In the beginning of the film, at the train station, it is prominent that Uncle Charlie and little Charlie have an interesting relationship. The cutting between Charlie and her uncle walking towards each other reveal their emotions. While lying in bed in the opening scene, Young Charlie also suggests her “desire to cure her family” and do something for her mother.
The incestual relationship between Uncle Charlie and Young Charlie could represent a “marriage” among the family, as Uncle Charlie gives Charlie the ring as a gift. Upon his arrival, Charlie also reminisces with Charlie’s mom about their childhood. In this manner, Uncle Charlie takes over the role of Joe. Therefore throughout the film, Joe disappears, and “Charles strips his sister of her marital status and attempts to return to the world of their childhood.”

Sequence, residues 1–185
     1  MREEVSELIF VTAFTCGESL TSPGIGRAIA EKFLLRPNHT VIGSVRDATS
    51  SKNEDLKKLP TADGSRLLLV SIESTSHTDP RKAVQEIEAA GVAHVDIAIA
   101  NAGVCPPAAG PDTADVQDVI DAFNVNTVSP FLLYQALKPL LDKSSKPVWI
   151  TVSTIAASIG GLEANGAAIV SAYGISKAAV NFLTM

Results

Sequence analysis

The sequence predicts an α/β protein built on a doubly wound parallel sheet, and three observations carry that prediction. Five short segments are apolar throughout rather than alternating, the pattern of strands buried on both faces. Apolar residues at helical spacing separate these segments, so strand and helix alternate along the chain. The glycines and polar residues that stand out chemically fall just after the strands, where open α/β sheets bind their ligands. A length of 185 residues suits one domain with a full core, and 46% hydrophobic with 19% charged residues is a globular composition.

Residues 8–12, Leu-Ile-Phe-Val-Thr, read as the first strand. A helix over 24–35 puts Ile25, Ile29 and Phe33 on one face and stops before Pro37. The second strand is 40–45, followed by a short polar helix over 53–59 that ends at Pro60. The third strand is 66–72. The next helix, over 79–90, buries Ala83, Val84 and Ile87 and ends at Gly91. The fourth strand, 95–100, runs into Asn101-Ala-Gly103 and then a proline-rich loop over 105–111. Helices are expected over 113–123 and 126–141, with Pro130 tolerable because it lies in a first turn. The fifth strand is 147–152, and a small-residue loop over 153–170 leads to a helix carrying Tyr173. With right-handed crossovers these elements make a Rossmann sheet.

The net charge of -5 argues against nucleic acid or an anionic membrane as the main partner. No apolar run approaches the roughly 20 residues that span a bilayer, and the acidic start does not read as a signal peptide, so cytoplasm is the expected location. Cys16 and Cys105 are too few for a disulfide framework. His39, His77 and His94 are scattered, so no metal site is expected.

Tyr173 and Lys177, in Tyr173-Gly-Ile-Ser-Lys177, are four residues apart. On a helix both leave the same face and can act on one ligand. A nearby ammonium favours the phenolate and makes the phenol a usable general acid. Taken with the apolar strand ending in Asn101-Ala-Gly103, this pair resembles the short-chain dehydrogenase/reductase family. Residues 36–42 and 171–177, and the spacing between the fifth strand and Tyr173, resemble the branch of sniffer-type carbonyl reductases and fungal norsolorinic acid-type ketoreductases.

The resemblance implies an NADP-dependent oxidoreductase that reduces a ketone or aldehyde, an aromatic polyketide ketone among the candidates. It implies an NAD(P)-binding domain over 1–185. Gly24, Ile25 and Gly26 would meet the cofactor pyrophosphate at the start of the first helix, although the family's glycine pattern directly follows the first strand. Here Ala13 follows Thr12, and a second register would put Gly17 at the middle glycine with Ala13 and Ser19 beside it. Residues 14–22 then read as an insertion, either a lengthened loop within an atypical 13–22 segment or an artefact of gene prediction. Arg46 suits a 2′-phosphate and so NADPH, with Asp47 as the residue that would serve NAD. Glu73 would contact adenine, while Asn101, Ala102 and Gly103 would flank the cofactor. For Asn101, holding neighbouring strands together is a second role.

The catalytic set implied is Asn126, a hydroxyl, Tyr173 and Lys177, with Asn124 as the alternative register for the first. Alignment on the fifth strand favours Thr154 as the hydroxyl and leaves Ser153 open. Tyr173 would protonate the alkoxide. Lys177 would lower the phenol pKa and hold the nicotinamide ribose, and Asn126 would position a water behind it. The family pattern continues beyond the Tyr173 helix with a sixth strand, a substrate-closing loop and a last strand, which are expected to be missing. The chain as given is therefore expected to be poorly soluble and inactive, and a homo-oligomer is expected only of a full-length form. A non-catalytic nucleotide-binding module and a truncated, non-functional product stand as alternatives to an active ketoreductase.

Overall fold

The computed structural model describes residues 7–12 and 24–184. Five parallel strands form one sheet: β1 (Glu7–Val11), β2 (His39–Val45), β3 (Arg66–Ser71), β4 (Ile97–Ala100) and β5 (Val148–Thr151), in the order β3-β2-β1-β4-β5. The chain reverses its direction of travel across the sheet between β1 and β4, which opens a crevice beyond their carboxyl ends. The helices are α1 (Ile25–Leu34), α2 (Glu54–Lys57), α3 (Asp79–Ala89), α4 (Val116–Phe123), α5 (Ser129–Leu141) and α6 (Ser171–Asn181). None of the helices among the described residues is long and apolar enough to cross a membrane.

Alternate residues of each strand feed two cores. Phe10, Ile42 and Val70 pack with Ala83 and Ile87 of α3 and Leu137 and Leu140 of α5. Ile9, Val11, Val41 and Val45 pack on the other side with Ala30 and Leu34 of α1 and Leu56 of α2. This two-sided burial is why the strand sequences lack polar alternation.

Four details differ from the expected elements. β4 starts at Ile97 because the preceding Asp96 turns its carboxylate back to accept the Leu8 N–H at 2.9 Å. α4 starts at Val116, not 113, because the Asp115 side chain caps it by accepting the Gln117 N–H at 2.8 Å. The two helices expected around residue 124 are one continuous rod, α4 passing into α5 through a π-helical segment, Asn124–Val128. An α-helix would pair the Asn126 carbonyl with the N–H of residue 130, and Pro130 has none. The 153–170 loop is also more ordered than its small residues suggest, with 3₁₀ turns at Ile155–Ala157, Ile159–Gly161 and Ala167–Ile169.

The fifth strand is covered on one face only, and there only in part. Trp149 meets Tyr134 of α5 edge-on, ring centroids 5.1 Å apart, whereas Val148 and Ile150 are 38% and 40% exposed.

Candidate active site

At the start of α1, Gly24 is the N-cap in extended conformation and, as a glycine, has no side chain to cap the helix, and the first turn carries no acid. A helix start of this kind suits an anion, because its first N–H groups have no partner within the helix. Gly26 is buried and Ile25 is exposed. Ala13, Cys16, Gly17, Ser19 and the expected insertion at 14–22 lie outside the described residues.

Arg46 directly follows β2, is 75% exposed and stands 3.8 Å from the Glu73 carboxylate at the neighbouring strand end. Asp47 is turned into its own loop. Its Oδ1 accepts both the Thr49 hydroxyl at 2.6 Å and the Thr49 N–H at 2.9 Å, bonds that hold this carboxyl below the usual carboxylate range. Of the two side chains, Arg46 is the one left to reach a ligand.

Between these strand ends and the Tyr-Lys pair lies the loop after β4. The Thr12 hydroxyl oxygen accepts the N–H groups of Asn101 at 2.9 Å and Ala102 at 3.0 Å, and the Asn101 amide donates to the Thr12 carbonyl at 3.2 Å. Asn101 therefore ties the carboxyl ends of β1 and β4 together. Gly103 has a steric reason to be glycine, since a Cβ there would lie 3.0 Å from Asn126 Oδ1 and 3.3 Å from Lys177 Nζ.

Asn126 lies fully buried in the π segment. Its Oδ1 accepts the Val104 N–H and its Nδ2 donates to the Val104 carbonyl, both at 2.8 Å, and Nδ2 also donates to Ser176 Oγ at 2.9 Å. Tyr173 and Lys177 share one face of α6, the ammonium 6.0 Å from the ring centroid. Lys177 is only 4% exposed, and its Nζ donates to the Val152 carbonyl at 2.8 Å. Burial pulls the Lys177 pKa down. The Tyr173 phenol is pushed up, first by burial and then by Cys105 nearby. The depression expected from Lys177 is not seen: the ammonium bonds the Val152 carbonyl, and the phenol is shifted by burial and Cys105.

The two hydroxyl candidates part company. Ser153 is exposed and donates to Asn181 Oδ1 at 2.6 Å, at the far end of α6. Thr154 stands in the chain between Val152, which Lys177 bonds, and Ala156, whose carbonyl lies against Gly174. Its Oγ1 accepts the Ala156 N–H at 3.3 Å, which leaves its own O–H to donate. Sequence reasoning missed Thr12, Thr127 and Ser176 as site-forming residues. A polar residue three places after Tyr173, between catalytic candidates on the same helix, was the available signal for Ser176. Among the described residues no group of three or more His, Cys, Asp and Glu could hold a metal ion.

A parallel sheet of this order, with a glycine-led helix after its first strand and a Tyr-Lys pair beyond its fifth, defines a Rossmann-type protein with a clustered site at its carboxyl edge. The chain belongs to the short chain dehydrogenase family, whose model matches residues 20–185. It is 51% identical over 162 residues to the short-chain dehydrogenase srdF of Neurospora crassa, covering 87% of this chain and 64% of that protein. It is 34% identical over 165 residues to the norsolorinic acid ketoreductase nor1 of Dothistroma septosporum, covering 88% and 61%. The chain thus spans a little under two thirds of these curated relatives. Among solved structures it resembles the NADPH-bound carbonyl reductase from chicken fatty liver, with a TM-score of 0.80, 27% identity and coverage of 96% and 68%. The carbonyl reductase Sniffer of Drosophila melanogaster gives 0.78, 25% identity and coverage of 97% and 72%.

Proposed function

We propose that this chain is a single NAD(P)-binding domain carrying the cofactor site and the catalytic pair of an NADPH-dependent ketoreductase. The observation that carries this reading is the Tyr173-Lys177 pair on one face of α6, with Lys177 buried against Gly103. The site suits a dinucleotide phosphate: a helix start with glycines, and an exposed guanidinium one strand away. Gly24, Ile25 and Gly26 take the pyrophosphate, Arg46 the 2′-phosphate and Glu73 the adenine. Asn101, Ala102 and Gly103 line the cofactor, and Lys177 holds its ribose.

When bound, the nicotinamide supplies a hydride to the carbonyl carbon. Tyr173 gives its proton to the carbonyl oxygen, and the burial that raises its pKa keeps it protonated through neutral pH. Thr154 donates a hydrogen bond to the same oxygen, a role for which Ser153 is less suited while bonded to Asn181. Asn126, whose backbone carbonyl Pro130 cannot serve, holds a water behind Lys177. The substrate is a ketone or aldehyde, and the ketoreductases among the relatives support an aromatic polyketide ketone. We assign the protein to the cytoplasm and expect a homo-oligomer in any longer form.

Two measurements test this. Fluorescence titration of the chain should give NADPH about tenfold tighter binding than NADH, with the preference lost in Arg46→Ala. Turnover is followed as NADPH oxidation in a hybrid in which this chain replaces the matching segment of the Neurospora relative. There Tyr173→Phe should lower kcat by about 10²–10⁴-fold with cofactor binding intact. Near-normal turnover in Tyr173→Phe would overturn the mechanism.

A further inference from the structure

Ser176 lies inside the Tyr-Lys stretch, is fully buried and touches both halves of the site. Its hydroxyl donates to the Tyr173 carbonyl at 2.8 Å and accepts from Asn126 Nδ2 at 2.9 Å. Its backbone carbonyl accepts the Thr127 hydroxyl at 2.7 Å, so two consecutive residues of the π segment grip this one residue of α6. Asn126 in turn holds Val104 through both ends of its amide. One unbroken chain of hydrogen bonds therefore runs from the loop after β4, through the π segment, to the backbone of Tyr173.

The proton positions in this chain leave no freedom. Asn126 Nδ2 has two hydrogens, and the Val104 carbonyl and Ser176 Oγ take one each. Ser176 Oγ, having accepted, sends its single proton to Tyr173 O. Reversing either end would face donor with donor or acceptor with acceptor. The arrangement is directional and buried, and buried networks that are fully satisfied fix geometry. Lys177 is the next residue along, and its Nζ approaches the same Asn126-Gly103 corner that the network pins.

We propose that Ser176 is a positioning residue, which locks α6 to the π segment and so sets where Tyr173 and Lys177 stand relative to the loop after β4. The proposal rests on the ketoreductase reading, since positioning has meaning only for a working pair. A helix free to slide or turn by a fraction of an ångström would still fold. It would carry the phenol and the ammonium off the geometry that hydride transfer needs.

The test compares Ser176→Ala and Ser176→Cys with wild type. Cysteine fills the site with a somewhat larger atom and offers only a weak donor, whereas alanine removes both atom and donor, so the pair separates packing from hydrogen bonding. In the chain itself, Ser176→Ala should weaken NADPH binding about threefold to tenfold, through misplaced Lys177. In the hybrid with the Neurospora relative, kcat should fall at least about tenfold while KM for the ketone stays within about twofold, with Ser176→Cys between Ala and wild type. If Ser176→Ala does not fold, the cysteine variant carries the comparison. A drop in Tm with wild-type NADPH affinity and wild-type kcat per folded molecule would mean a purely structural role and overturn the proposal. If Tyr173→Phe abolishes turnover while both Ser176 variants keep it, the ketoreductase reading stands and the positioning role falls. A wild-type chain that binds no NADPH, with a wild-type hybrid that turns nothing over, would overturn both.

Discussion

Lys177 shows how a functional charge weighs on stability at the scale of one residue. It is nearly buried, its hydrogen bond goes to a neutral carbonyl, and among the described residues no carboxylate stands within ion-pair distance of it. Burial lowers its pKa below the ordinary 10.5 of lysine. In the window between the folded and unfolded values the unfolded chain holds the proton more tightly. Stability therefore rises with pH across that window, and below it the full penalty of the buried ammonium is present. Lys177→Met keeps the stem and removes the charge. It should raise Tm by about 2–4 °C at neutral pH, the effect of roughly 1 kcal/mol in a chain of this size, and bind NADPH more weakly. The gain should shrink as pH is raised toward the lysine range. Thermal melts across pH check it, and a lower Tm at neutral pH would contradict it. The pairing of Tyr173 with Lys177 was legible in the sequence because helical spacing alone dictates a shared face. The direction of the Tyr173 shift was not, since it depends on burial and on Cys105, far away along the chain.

After Young Charlie realizes that her Uncle is the Merry Widow Murderer, her outlook towards Uncle Charlie changes and she becomes scared of him. However, in the beginning of the film, Young Charlie believes that the arrival of her uncle will save the family. When she becomes aware of the murders, her motivations change as she tries to get him to leave Santa Rosa.
McLaughlin, James. “All in the Family: Alfred Hitchcock’s Shadow of a Doubt” in A Hitchcock Reader. 2nd ed. Wiley-Blackwell, 2009. pp. 145-155